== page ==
allegation that the Supreme Court made “wrong assumptions” about the number of victims, the Court substantially overestimated the number of serious claims (deaths, utmost severe injuries and permanent disabilities) to be 35,000, when the actual number based on UOI’s own figures turned out to be 10,239.

The settlement amount was intended to be a final, lump-sum payment of all claims arising out of the disaster. Contrary to the UOI’s argument, the Supreme Court did not intend to leave the door open to requests for additional funds from UCC, and expressly rejected a request by various interest groups to add a “reopener” mechanism to the settlement. The UOI voluntarily entered into the settlement on behalf of the victims, and in the event of a shortfall (which did not occur) the Supreme Court ruled that UOI would be solely responsible for additional funds.

Even if there were some basis for setting aside the 1989 settlement, UCC has never been tried or found liable for the disaster. In fact, the United States Court of Appeals found that at the time of the incident, UCC had no involvement in the Bhopal plant operations and that the plant had "been constructed and managed by Indians in India."

UOI does not cite any facts or documents in the Curative Petition that support its underlying claim that UCC is liable. In choosing to settle rather than litigate, UCC did not acknowledge any liability – and in fact “seriously contested” such alleged liability, as noted in the Court’s 1991 judgment reconfirming the agreement. Therefore:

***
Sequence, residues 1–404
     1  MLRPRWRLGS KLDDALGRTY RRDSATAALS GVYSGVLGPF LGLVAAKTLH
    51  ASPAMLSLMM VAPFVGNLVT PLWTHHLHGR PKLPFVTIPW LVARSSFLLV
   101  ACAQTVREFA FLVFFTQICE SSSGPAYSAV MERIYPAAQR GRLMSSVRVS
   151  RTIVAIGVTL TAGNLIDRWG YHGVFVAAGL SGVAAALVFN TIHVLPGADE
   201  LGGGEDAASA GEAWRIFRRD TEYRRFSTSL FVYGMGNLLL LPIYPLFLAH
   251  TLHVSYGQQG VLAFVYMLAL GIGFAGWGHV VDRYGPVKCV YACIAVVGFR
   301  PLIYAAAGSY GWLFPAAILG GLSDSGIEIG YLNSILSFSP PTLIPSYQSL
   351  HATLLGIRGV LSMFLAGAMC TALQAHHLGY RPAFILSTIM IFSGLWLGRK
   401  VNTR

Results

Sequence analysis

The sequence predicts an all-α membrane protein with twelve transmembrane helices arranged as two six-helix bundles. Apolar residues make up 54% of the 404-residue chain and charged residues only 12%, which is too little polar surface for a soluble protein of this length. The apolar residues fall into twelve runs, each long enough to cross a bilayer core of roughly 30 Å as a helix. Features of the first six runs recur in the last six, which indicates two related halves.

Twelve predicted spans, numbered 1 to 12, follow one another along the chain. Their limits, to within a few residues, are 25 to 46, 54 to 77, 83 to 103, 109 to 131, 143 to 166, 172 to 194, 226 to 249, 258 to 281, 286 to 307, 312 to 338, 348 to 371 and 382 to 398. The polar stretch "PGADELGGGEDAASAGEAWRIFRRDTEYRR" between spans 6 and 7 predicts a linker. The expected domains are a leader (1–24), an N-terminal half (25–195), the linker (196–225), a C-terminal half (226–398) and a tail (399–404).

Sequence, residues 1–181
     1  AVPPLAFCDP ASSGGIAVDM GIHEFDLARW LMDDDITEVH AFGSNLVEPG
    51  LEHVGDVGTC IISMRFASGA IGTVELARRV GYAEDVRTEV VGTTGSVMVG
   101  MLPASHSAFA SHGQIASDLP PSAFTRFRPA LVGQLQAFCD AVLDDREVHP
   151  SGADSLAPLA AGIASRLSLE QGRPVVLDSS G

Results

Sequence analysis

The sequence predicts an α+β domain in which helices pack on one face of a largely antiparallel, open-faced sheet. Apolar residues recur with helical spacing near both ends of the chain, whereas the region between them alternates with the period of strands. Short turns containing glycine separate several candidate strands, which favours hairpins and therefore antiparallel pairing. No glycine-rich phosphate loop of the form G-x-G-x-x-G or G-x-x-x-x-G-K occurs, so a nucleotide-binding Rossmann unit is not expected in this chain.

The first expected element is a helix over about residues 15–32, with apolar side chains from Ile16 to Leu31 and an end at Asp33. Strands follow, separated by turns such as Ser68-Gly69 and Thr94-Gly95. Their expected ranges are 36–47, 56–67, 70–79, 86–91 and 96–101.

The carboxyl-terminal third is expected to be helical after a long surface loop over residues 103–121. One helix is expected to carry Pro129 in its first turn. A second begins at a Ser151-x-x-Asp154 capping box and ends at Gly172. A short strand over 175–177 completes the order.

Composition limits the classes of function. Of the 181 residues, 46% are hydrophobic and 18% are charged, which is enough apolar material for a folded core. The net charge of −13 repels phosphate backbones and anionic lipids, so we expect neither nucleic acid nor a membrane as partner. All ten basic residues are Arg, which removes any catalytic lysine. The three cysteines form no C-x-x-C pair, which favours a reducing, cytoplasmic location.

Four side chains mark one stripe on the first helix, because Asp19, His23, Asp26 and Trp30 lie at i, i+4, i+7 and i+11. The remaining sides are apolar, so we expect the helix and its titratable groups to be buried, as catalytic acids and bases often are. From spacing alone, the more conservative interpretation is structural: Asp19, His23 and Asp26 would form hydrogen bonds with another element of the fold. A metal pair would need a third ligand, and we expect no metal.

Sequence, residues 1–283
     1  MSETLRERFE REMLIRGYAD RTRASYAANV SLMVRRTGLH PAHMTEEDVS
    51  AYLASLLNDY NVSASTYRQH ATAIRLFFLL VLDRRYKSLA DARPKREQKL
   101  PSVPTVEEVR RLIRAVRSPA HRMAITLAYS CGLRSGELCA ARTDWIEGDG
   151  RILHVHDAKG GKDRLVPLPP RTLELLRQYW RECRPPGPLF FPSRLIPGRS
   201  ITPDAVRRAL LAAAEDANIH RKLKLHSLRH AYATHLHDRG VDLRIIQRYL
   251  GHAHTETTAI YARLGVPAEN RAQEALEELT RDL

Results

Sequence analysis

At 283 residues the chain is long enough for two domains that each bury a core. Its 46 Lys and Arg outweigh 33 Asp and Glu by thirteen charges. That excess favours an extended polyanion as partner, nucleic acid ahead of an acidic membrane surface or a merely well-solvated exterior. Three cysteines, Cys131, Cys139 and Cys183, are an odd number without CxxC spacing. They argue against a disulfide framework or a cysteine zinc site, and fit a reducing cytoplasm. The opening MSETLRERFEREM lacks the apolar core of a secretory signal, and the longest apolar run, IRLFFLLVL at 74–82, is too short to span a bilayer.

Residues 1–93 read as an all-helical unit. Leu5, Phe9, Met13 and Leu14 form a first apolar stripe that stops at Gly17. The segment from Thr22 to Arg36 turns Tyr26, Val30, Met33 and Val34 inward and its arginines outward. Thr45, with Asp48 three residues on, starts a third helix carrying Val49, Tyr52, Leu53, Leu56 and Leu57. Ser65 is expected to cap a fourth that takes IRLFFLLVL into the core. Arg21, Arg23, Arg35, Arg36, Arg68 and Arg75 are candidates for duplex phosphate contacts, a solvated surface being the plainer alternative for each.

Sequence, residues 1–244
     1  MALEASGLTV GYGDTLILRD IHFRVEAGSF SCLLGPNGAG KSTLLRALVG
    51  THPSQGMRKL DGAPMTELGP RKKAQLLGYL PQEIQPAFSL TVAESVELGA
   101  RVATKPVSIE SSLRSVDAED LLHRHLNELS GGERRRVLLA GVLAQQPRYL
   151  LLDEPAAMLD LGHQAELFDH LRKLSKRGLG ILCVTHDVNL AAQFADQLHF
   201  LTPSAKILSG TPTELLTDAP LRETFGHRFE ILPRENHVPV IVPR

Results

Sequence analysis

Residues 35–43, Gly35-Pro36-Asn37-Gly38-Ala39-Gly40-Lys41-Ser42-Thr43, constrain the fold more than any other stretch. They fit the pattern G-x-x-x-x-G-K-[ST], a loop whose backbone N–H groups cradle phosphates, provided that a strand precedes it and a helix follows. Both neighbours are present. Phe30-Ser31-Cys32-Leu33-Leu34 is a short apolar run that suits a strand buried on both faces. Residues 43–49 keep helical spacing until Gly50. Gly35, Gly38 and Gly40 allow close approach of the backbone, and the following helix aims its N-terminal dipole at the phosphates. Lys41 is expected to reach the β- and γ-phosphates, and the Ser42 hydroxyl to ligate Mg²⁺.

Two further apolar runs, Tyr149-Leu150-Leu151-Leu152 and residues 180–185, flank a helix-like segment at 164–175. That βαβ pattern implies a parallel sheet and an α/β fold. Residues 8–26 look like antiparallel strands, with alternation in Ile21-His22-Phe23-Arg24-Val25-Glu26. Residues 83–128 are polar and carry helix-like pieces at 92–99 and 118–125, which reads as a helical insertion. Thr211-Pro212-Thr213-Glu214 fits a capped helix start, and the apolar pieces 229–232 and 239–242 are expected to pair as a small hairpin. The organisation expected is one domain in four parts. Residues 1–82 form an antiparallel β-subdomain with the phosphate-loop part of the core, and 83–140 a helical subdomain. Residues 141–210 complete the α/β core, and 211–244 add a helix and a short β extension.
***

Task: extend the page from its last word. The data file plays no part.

- If the settlement could be set aside, the UOI would be required to return the settlement funds to UCC with interest and the legal process would essentially start over

November 18, 2011

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- The UOI would have to prove – at this distance of time - UCC’s liability at trial and establish the actual damages sustained by each individual claimant. Indian law would also require them to prove the earning capacity of each of the victims. This may well result in the payment of compensation far less than the amounts awarded from the settlement, which ended up being six times greater than typical awards in accident cases under Indian law.
- Any attempt to try UCC more than a quarter of a century after the 1984 disaster –long after it ceased to be subject to the jurisdiction of the Indian courts – would deprive UCC of its right to due process and render any resulting judgment unenforceable against UCC in the courts of the United States.